Why I Find Comfort in Reading Fictional Tragedy and Horror

Why delve into dark things when I could be enjoying a heartwarming romance or a lighthearted adventure instead?
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Publish date:
January 4, 2016
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Tags:
tragedy, books, feelings, fiction, horror

I never quite had the dedication (and access to Hot Topic) to make it happen, but sometimes I wonder if I should have been an emo or goth kid. From childhood onwards, I have had a fascination with dark stories and not-so-happy endings. I would pick a horror movie over a romantic comedy any day. My favorite piece of fanfiction ever isn’t the beautifully crafted, heartwarming love story written by one of my close friends, but a horrifyingly well-written tale of gaslighting and emotional abuse.

At a certain point, I wondered why I’m so into media that ranges the gamut from angsty to outright awful. I know that my tastes aren’t uncommon - if they were, there wouldn’t be so many tragedies, horror movies, and hurt-heavy hurt/comfort fanfics — but there’s plenty of media out there that doesn’t have such a glum view of things. Why do I delve into dark things when I could be enjoying a heartwarming romance or a lighthearted adventure instead?

Sadness, fear, and anger, among an abundance of other emotions usually viewed as negative, are a part of the human experience. They can be challenging to handle and confront, and it’s often acutely painful to experience them. However, I’ve found that media that stirs up those emotions can provide me with a safe space to experience and process those emotions.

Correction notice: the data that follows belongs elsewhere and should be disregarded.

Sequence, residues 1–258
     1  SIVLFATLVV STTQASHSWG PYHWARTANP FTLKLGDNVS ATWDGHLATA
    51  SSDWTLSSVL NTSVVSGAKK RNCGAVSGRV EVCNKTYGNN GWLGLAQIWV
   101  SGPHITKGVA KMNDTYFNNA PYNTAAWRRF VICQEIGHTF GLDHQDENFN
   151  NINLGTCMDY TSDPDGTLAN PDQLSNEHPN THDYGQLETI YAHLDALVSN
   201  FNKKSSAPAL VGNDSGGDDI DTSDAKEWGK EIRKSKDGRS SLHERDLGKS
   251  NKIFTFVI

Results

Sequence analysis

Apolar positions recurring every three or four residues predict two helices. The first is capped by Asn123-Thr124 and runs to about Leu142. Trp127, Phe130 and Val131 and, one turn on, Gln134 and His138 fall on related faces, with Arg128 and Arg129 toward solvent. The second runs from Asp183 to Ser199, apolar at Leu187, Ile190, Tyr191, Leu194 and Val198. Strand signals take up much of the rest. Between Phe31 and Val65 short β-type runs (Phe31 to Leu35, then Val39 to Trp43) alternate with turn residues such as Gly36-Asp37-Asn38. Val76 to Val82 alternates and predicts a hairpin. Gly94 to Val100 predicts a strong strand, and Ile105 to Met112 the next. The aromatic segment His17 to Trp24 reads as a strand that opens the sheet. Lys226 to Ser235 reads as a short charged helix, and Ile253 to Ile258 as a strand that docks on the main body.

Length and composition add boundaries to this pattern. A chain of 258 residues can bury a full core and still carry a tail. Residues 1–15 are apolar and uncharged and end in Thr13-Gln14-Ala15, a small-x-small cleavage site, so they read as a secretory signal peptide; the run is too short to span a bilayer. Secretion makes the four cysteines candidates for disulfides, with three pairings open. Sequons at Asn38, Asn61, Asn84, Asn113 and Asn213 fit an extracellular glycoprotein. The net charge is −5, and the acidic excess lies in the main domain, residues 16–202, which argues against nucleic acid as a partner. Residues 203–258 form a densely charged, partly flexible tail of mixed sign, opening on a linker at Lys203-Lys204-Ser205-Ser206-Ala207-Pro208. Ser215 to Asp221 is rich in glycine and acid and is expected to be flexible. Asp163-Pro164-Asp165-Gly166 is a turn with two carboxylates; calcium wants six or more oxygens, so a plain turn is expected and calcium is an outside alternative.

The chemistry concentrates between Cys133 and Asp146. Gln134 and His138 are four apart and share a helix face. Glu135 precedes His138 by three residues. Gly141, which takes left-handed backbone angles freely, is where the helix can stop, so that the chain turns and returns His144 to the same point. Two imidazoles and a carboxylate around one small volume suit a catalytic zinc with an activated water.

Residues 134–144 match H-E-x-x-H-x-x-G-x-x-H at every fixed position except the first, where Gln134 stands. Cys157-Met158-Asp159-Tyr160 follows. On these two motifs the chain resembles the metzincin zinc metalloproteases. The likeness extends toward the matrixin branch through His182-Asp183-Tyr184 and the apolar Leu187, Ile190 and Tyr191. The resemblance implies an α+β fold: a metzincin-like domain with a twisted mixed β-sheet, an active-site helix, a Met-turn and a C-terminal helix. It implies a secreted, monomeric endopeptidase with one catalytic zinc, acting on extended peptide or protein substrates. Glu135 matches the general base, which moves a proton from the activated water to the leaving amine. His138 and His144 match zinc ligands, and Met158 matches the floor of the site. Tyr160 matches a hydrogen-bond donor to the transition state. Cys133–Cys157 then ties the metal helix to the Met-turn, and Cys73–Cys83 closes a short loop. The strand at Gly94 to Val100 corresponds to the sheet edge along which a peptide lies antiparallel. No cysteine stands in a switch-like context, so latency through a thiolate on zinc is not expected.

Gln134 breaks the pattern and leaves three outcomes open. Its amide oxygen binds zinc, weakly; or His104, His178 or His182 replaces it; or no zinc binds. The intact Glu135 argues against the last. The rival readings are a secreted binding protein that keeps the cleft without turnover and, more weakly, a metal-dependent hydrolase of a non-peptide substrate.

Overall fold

If I’m haunted by a beloved character’s death or misfortune, it hurts. I experience a genuine feeling of sadness, even loss, for this fictional character. But unlike the death or misfortune of a loved one in real life, I can put the book or the movie down. Even though the memory is there, I know that I can continue on with my life. I can choose not to revisit that series. I can go watch something happy. The emotions evoked by fictional media don’t have a bearing on my day-to-day life in the same way that real events do. It gives me a sense of control in processing negative emotions.

I actually enjoy feeling some negative emotions in a safe context like this. And I’m not the only one; people do it in everything from watching horror movies to participating in sadomasochism. The idea is the same: experiencing emotions that in other contexts would be awful, reframed in a limited way.

When you watch a scary movie, ask your partner to spank you, or eat something painfully spicy, you’re taking control of the situation. It feels much different when you freely consent to experience those emotions in a limited capacity than when unforeseen or unwanted circumstances thrust pain or fear upon you. When you have that control over the situation, it can empower you, and you have the security of knowing you can stop it at any time if it gets to be too much.

On a related note, exploring these sorts of emotions often helps me feel less alone. When I was younger, I had some of that “Woe is me, no one else ever feels awful like I do” mentality that sometimes afflicts teenagers. And I still get traces of that feeling at times. After all, when you’re sad or discouraged, dealing with a crappy job or coming out of a toxic relationship, it’s sometimes hard to not feel like you’re the only person out there who feels that way.